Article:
VAT in the Gulf Cooperation Council
Edited by Ehtisham Ahmad and Abdulrazak Al Faris
Chapter 1: Design of a VAT for the GCC Common Market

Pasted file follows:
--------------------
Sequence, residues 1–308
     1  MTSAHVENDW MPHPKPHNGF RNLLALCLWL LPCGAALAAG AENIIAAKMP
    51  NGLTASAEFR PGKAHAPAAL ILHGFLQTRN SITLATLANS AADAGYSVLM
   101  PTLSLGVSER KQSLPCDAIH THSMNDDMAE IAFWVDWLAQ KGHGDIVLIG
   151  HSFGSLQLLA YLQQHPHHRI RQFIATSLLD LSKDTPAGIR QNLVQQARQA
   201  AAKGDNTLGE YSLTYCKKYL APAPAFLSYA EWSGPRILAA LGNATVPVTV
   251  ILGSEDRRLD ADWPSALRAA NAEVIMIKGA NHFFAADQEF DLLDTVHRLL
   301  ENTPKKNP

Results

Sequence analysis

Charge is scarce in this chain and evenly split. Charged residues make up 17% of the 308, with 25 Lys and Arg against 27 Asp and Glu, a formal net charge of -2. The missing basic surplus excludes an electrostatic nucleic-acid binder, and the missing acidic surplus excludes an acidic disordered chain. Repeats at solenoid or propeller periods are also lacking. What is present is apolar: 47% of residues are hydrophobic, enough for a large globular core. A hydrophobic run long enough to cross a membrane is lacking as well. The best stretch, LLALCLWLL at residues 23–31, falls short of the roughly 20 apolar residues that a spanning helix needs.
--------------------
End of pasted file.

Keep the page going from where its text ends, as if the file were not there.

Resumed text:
Ehtisham Ahmad INTRODUCTION A Why should the oil-rich GCC countries introduce a VAT, or any other tax system for that matter? Some highly influential experts and politicians argue that there is no need for a modern tax system—but this argument is short-sighted and misleading as oil-producing countries in all other parts of the world have a full panoply of tools at their disposal for macroeconomic policy-making. First, GCC countries already have a system of taxes, but these are a limited and inefficient subset of non-oil taxes—based on customs. There is a common external tariff (CET) of 5 percent. Second, customs duties are being gradually removed with free trade agreements (FTAs) with all major trading partners. Indeed, this is the main driving force for the VAT as a replacement for customs. Third, not all the GCC countries have the oil reserves of Saudi Arabia or Abu Dhabi, and there are significant revenue needs for infrastructure and social programs in all countries. Fourth, the gyrations in petroleum prices during the past year, hence also of non-oil revenues, together with the need for stimulus packages and credible exit strategies has led to fiscal stress in several cases. Finally, the effective development of a common market, as in the case of the EU (see Waerzeggers, Chapter 5) leads to a need for a coordinated system of indirect taxes that does not obstruct the free movement of goods and services. The GCC countries are now looking, individually and collectively, to develop a modern...
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